Looks like we are placing ANOTHER Warrior Jacob SHIRT ORDER! WOW! I can’t believe the number of you who have contacted us needing more… just WOW! So, if you, your team, employees, co-workers, friends want shirts let me know ASAP! Shirts from the last order shipped last week so be on the lookout! As for new, news… Jake will be admitted Wednesday for a few days. Part of MIBG therapy that he just finished means that the radiation will take his counts down similar to chemo but a bit differently – as in just as low, but with a longer recovery time. Because of this, he requires a “low dose, stem cell rescue”. Remember back in December when they harvested his stem cells, they hoped to get enough for a couple of treatments? Well, they will use some of them for this, and a LOT when he finally gets to Bone Marrow Transplant. So we go in Wednesday to sedate him and place his PICC line. They’ll begin the procedure on Thursday and keep him for a couple of days. For those of you interested, ” A PICC line is a long, slender, flexible tube inserted into a peripheral vein, typically in the upper arm, and advanced until the catheter tip terminates in a large vein in the chest near the heart to obtain intravenous access.” UGH!! As if he hasn’t had enough procedures and lines placed in his little body lately! The idea behind giving back his stem cells now, is that his marrow will deplete in about 2 weeks and it takes about 2 weeks for his own stem cells to graft and aid in his bone marrow recovery. They call this a “rescue” and it should help him rebound faster and with less transfusions. We already see plenty of those. Medical lesson over! As awful as this all is, it really is fascinating sometimes. Who comes up with all of this? Today we were in Clinic and it was full. We were actually in isolation because Jake has “regulations” about being in the general public because of his radioactivity but I stepped out for a few minutes to get something to drink for him and say hello to a couple of people. As I walked through the infusion room, there were kids and poles everywhere with chemo, blood, platelets, meds, just doing their thing. As I looked over and saw a mom I’ve never seen before, it made me think how “normal” this is for us now. I don’t know her story and I didn’t get to talk to her but I’ve been thinking of her a lot today and wondering, praying for her. While we were at Cook’s, Henry caught a family in the hall and road the elevator with them. They too, had that “deer caught in headlights” look. He just knew and started talking with them. They had just heard those words and everything was spinning for them. He talked to them for a while and learned of how they had gone from ER to immediate hospitalization because of what the Docs had found. I’ve been thinking of them a lot too. We were them just 11 months ago… stunned, staggering in a cloudy haze of new terminology and unknowns. With Childhood Cancer Awareness Month here, it makes me think of all the new families this month that will hear, “it’s CANCER”. I just want to take this time to THANK YOU! IF you are reading this, YOU CARE! If you are reading this, you are becoming AWARE. If you are reading this, you have an OPPORTUNITY to make a DIFFERENCE. Maybe you haven’t done a whole lot yet, maybe you have… either way, I HAVE FAITH, that you will. At some point, a situation will come before you, big or little, and you will be a VOICE for our kids. My God bless at that very moment! With that said, here is something small you can do. Watch this. SHARE THIS! Please pass it on! Many of you have already seen this on my FB but we finally got it on Youtube so now you can share it with everyone! And since it’s on Youtube, it can be e-mailed, FB shared, tweeted, pinned……. Awareness of these kids can bring change, and that will eventually bring a cure! [youtube=http://www.youtube.com/watch?v=A_XmnJQK01s&w=580] Last week the East Montgomery County Chamber of Commerce held their meeting (many of them dressed in GOLD) and were able to view Jake’s Stand Up video. At the end they all stood AND THEN, they recorded a get well message for Jake. Take a look! They are everyday people, who took time to do something special to raise funds and STAND UP for Childhood Cancer Kids. I can’t even put into words the feelings that came over us watching this. Talk about something amazing to come home to! [youtube=http://www.youtube.com/watch?v=XnHsLtQ9EwA&w=580] The world is lighting GOLD more this year than ever before. There is still time… it’s only the 9th… we can still GO GOLD! Paint your nails, wear a gold ribbon, hang a bow on your mailbox, paint a ribbon on your car window, work window, put something on your FB, your work e-mails, wear your Jake shirt. Be creative and spark conversation… let the world know that KIDS GET CANCER TOO!
We sit in the truck on the way back from Cook’s Children’s in sheer relief. We made it! The week is over and we’re heading home. It was an eventful week. So much to tell that it may take a couple of blogs. Walking out of those isolation doors with Jake this morning was THE BEST feeling in the world. I’m guessing that it will be similar to when we finally hear NED. There is just something about that room that makes you feel as though you are so far away from your child, even though you are right on the other side of the glass. And even when we could go in, it was quick in, do what was only necessary, and GET OUT! There were no kisses or hugs or cuddles. Jake’s doing GREAT! Like anything else, every hospital is different from the dressings and tapes, to the policies. Over the past 11 months we’ve become use to the ins-and-outs of our hospital and the array of medical procedures and supplies, so jumping into the care of another team and hospital meant they had to learn about us and we had to adapt to them – quickly. Our second day was spent in the SPA (special procedures area or OR) where all of his lines were placed. We found out quick just how different things were going to be from the moment we started discussing anesthesia and tapes used – which NONE of them are what we are used to, meaning we wouldn’t know if he would have allergy to them as he does so many. We know what to, and NOT to, use at TCH. We got thru that and used some new things (which by the way we will try to carry some of our own things if we ever have to travel again). The next day we began the infusion and had a fall apart over the sticky heart monitors. We were totally expecting this and as much as we tried to prepare them for what he would experience, they weren’t – to the point of seeing them get squirmy over whether or not he was going to make it thru the trial at all. They started talking of medicating him the entire week and we weren’t going to agree to that. We knew that once we calmed him and got him back to “baseline”, he’d be fine – they had to trust us. They hesitantly did, thankfully, and the procedure started. Right before, we looked out into the hall to see a very serious police officer coming down the hall, followed by two white coats pushing a cart with a large metal box, followed by a well-dressed hospital “high up” and some nurses. As the police officer was coming toward us, telling people to please clear the way, I realized he was heading for our room. It was Jake’s radiation with a full-fledged, official escort. CRAZY! I wish I had a picture but frankly, I was stunned and it didn’t register at the time. We were cleared from the room and everything was a go. From the observation window, we watched the dosimeter on the wall register higher and higher and higher. I must admit, the anxiety was high and the tears flowed just knowing what we were doing to him. I’ve watched History Channel specials on Chernobyl and how radioactive that area is still, the physical ailments that people suffer, and it’s indescribable to know that such an extreme measure is being used to “help” our son… one that may help him now, but at what cost we won’t know for years. It truly is about buying time. What we have learned the past few months is that this therapy is not a cure, it’s a stepping stone to get us closer to a place where there may be a cure. With refractory disease like Jake’s, he needs something to jump kick him back into cancer fighting mode – prayerfully, this will be it. But only time will tell and now, we wait… AGAIN! We did an MIBG scan this morning before leaving so we have a base line of where his disease is with this much radiation in him and we will scan again in 6 weeks to look for improvement. We came home with an 18 point bullet list of Jake’s isolation rules here at home. To give a few little snippets of the week… At several times the pain for Jake physically or emotionally was really tough and the comfort of Blankedy was really missed. We are so proud of him for making it through those times. And Blankedy was waiting on the other side of the door the moment he stepped out! Thank you for your prayers over that, I know that was prayerful intervention right there. He must be in the midst of a growing spurt because he’s been eating like crazy and the two days before his infusion he ate and ate and didn’t poop like normal. We were worried with this since we knew he’d have a catheter and it might not be easy for him to potty. I tell you this because sure enough, Henry had to go in just two hours after the infusion began to help clean up so his meter was beeping like crazy while he was in there. He came out like a kid on major candy crack overload. He was such a spaz and freaking out about all the beeps he added to his dosimeter and had me rolling. It is a nerve-racking experience to hear the beeps and know that with each one, we are closer to “our mark” of limitation for radiation contamination. One of the side effects of the treatment is the accumulation of radiation in the thyroid, so there is medication. But there is such an initial jolt of radiation that the meds aren’t able to diffuse it all so Jake’s little face/neck swelled up by the first night. It’s now gone down but it was very uncomfortable for him. Throughout the week, Jake was happy and cooperative – he had a Star Wars gun in there to keep him entertained and he liked to shoot our Radiology Doc when he’d come in for radiation measurements. Doc would go about his business and then zap Jake with his own special gun. Jake thought that was the funniest thing to set off Dr. Miguel’s radiation gun with his own body. One of his IV’s blew right out of the gate and the second one blew shortly after all the radiation was infused (but it held out long enough). So his third and final line, his chest port saved the week. A lot of the kids wear a gown and no undies all week because of the foley but Jake is a kid that wants undies. SO, we had to be creative and cut up one side of the leg and sew velcro to get them on/off the leg (the catheter line is attached to the wall haz/waste system instead of a traditional bag so this was our special “invention”). Hey, maybe it’s a MILLION DOLLAR idea for the medical supply market! He was happy with it, so problem solved. We’ve noticed that Jake is limping, much like before his diagnosis. We’re guessing that since there is still a good amount of disease in that area, the radiation has settled heavily there and taking effect, hopefully. Everyone was super helpful and kind, and in the midst of our pre-start tears, Dr. Granger prayed with us as they started Jake’s infusion. God showed himself in the BIG, and the little things, all week long and we excitedly walked out of those doors this morning with one more treatment behind us. For that we give GOD ALL THE GLORY! Now, we wait. Jake’s counts will fall again, just like chemo, and as always, we will weather the ups and downs of platelets/ANC/hemoglobin, transfusions, isolation, long days at TCH and semi-routine, back-to-school activities. Be on the look-out… we have a special slide show coming soon! It’s Jake’s fave song right now and I have to add, he was singing it all week long. The nurses would watch him on the monitor and crack up when they’d check on him. He takes after me and sings what he hears, or thinks he hears. Half the words are wrong but just keeps on singing with all his might; not even embarrassed since our words are usually better anyway (wink & a grin). Our hearts are full and we thank you for the prayers, texts, meals and help with our children while we were away. We left Cook’s feeling lighter, lifted, full of hope! For the first time in a while, we feel there is something brewing, good and strong, that healing is happening, and God is working in Jake’s little body; there will be a day that we walk out of those doors cancer-free.… and what a day that will be! We have put our hope in the living God, who is the Savior of all men, and especially of those who believe. 1 Timothy 4:10 It’s a Glorious Day… Casting Crowns sings it best! http://www.youtube.com/watch?v=KqrqPGt11bA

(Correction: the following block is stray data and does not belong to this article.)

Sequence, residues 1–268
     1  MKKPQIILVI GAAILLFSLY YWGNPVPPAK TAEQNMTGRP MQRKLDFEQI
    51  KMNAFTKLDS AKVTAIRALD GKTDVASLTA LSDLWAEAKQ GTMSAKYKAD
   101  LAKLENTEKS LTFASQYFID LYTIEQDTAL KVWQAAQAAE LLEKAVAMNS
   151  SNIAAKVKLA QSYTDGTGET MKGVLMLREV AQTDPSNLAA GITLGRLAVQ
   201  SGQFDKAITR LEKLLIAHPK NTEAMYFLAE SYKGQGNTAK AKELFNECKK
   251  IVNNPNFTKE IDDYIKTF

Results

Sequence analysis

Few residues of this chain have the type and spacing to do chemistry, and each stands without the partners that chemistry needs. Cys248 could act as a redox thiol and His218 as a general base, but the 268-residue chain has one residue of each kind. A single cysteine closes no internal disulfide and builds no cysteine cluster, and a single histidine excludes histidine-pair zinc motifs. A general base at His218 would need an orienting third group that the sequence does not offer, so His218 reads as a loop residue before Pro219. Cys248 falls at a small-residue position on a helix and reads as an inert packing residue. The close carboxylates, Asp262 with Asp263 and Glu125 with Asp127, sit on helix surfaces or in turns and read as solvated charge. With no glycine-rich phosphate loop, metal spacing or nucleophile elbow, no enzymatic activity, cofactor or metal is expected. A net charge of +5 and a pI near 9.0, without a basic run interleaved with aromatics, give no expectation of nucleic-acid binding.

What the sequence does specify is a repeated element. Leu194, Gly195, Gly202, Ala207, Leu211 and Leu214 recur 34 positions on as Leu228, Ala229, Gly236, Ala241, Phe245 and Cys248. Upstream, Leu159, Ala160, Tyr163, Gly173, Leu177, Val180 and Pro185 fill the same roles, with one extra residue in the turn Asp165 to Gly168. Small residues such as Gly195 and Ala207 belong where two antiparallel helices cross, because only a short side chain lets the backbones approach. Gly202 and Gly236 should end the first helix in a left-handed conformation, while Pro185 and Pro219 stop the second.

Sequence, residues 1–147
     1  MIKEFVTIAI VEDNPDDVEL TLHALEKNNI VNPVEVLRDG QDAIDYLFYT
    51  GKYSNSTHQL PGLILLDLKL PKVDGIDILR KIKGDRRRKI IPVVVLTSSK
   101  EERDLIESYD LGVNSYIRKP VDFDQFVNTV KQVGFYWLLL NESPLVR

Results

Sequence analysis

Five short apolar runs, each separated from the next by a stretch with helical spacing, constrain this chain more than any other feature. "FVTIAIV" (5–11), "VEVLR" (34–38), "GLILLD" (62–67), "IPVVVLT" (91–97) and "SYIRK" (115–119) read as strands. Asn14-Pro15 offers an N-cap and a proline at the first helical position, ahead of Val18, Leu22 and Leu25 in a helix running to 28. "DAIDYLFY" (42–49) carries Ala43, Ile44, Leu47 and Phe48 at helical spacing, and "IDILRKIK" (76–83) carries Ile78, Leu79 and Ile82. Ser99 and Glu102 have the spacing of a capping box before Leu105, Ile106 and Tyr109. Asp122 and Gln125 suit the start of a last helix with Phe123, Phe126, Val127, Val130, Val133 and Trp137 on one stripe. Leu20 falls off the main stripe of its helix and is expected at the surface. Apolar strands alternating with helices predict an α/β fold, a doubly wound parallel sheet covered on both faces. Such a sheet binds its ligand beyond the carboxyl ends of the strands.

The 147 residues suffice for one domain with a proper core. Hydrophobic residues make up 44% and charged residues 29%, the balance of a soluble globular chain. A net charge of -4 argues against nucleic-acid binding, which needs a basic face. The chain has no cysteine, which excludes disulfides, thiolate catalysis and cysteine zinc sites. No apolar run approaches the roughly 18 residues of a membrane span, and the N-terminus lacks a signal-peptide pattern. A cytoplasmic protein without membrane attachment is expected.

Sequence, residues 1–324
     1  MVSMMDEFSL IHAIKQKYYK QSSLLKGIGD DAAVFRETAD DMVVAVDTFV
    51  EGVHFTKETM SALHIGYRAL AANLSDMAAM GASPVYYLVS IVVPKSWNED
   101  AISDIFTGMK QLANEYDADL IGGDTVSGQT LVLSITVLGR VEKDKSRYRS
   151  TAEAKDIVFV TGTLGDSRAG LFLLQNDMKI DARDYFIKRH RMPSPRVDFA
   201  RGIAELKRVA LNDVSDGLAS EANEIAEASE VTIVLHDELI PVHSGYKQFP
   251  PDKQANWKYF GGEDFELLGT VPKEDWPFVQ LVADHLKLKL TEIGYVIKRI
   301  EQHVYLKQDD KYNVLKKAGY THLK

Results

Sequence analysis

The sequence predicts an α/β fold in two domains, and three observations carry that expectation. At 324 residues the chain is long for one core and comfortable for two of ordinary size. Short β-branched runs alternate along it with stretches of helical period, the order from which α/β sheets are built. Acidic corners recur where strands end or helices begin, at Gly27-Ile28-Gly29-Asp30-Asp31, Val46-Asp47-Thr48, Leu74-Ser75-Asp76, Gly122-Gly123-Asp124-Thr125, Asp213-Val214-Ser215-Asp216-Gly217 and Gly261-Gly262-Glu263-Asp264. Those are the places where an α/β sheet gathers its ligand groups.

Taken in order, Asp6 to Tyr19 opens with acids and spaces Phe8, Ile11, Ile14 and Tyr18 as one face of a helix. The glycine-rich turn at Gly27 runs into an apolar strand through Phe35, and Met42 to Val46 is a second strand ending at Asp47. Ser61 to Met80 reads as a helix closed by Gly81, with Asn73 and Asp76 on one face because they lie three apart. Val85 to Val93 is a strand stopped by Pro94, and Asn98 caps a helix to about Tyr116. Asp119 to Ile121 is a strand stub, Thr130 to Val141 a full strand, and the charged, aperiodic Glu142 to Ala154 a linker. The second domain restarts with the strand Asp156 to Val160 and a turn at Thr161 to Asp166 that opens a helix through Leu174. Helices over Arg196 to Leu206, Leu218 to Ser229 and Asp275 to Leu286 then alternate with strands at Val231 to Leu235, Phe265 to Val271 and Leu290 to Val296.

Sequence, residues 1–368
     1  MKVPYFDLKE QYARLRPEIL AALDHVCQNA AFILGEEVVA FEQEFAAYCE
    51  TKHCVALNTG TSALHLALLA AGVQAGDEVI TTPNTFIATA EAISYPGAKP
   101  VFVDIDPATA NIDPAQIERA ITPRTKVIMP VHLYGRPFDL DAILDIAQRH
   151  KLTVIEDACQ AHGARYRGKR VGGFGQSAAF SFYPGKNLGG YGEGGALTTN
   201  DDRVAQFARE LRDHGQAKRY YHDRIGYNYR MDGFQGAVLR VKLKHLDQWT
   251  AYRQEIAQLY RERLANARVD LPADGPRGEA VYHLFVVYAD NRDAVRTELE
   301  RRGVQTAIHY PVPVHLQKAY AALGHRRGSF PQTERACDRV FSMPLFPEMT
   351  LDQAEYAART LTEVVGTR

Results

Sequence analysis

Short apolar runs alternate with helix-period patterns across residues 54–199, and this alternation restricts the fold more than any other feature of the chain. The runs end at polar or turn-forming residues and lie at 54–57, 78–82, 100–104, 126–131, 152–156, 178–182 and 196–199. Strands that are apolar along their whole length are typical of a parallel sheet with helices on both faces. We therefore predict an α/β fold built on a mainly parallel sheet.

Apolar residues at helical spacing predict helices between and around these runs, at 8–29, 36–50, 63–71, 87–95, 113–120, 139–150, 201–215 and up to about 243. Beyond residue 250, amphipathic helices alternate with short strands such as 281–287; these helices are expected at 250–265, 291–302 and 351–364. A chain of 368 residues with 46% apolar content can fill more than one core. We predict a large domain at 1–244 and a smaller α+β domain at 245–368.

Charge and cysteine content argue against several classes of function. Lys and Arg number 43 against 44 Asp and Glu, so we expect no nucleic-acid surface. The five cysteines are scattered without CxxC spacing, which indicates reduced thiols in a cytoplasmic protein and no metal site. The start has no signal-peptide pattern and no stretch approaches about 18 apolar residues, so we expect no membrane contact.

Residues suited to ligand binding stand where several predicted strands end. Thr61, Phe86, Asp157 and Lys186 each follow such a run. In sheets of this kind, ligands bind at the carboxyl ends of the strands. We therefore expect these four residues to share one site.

Here is part of our bald and BLESSED family… on Saturday, we attended the Dynamo Game where they were hosting the Bald Is Beautiful foundation and their annual Head Shave for Childhood Cancer event. We knew that Cameron and Daddy were going to shave, but what came as a beautiful surprise, is that Emma and Kate joined in also. I’m still in awe. It’s something that they will all remember forever and we are so, so proud. The kids keep saying how soft their hair is and rubbing their heads – makes me smile everytime. These are the amazing moments of love and encouragement that restore the spirit and fill the heart to keep pushing through the hard moments of this journey. And as for this journey… we met with our team at Cook’s on Monday. When they took us back to the exam room, we opened the door and there were dino toys all over the exam table… they were READY! Our Child Life ladies were ON IT! A couple of things were for him to take home, and the others will be in his room when we arrive next week. What a way to relax Jake. We can thank Saraben for being on top of things and communicating with the Cook’s team on the in’s and out’s of Jake. We LOVE her so much! We learned a lot… and we left with a “to do” list (ie EKG, ECHO, some medical role play to do with J). We have to start mentally prepping Jake on all the tubes, chords, sitckies that will attach to him all week. To give you an idea… he’ll have 2 IV’s, his port will be accessed, a blood pressure cuff, sticky heart monitors, finger pulse ox, and a foley catheter. It’s a lot for anyone, but SO MUCH for a child, especially a child who already has “sticky issues”. It sends him over the top to have the pulse ox and the chest monitors stuck to him. It was definitely a trip full of information and we left with a major dilemma that must be solved this week. Jake has an allergy to contrast. Which type we aren’t completely sure since his CT and MIBG are always done back-to-back. In October, he had a bad reaction during scans and the decision was made to always pre-medicate him and not take any chances. Because he’s medicated for both, we’ve never discovered the specific culprit. This treatment calls for 200 times the dose of a normal MIBG contrast scan. There is no way to ever “pre-medicate” to offset that kind of dosage. So we are left figuring out which it is. If he doesn’t have a reaction to the MIBG iodine, we can assume it’s the CT contrast and we go forward. If there is a reaction we have to pull him. While this will give us answers, it subjects him to medications and possible side effects. They really believe it will not be the iodine, that the CT is usually the issue, so we are banking on this. You can see in the pic what it did to him – this is his back. It was on his chest and forehead, as well. A dose the size of what they have to administer could cause anaphylactic shock. So we start this little “lab experiment” later today. This disease is just so monstrous. About the time you think you are gaining ground, your feet slip again. But Jake is in GREAT spirits and feeling really well, and we are so THANKFUL and BLESSED for that. I sure wish we could fast forward 10 days and this was all done. But I keep reminding myself that this is just a moment in time and we will look back on this in about 10 days with it all BEHIND us. I ask for your continued prayers for Rod and Wendy Kardorff and their family as Sean’s funeral was today. The Priest said that Sean loved the candles on the alter, he felt that one day, he’d be one of the alter boys and he pictures him doing just that in Heaven. I thought that was beautiful. Please pray that as all of their family and friends gather around them, they are comforted and find celebration in the wonderful life and love they shared. “The Lord will rescue me from every evil attack and will bring me safely to his heavenly kingdom. To him be glory for ever and ever.” 2 Timothy 4:18